In his Preface, Robert Morse states that both Vergil and Tolkien present myth as an aspect of an historical continuum. For these authors, myth does not seem to represent a falsehood, but rather it seems to narrate a record of experience from which humanity learns. Thus, myth is...a form of memory. In Evocation of Vergil in Tolkien's Art, Robert Morse asks the question: does this syncretism of myth and history serve a similar purpose in each author?During my several readings of the text I have developed my own understanding of Tolkiena#39;s work. ... Like Umberto Eco, I believe an author writes fiction to generate opinions.1 Like every other reader, I have had to answer two basic questions.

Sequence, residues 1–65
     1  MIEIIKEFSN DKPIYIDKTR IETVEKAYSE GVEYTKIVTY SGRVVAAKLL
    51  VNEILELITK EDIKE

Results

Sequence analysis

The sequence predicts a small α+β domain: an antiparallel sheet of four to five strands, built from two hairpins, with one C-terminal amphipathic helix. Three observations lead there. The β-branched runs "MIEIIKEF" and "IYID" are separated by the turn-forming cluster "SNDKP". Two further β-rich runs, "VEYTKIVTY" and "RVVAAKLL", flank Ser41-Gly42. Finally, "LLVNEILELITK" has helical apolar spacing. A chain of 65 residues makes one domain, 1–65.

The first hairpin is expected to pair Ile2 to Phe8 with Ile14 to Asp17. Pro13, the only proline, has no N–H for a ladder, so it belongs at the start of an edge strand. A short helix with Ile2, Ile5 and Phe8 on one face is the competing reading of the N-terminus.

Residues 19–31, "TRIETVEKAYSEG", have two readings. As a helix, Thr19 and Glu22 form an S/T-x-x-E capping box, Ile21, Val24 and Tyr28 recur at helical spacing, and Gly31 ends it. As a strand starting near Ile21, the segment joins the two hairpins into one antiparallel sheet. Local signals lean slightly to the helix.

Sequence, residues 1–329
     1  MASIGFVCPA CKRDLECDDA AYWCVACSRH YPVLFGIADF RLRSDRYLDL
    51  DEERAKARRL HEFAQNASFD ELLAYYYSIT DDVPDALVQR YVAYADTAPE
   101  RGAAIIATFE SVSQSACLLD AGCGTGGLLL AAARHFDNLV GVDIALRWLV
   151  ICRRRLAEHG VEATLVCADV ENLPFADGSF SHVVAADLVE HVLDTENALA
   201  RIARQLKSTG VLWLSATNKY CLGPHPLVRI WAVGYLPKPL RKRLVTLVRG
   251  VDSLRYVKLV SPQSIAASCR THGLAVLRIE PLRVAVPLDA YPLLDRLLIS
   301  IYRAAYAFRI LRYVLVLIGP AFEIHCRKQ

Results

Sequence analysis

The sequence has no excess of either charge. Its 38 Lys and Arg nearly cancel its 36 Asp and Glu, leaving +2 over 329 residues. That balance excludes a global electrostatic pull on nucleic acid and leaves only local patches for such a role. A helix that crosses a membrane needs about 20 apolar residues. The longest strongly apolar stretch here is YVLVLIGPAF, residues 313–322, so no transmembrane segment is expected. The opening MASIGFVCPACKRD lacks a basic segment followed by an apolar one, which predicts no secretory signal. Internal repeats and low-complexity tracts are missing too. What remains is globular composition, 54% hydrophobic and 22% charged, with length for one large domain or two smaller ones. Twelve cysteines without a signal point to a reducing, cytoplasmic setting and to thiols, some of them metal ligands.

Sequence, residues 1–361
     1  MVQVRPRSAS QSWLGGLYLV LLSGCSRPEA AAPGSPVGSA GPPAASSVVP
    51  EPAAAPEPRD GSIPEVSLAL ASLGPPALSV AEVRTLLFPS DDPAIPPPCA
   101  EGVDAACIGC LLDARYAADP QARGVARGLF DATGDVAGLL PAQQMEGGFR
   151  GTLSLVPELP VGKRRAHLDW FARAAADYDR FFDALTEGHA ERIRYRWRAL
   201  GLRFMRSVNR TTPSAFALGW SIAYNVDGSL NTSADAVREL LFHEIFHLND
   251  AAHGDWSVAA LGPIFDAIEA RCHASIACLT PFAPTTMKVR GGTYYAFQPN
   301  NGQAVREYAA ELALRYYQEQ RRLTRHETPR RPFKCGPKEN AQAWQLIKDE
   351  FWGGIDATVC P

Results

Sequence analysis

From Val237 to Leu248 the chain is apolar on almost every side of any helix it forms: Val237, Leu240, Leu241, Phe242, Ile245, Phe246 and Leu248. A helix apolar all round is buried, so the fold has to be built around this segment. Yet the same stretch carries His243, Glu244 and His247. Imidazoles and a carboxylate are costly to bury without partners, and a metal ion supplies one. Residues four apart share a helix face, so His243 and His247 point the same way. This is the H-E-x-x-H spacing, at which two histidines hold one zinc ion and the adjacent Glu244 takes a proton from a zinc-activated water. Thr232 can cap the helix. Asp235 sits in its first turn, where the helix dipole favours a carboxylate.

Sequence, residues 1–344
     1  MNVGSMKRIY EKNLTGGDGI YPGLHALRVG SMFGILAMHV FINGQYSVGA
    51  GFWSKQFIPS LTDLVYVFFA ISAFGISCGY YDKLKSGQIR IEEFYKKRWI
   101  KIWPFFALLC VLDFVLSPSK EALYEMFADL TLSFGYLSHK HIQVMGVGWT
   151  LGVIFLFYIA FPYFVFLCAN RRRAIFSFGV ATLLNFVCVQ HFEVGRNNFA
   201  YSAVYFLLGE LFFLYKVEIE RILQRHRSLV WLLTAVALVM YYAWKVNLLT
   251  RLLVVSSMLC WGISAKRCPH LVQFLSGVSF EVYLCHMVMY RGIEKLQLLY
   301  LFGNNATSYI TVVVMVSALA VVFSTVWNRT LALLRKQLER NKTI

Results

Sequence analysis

|Title||:||Evocation of Virgil in Tolkien's Art|
|Author||:||Robert E. Morse|
|Publisher||:||Bolchazy-Carducci Publishers - 1986-01-01|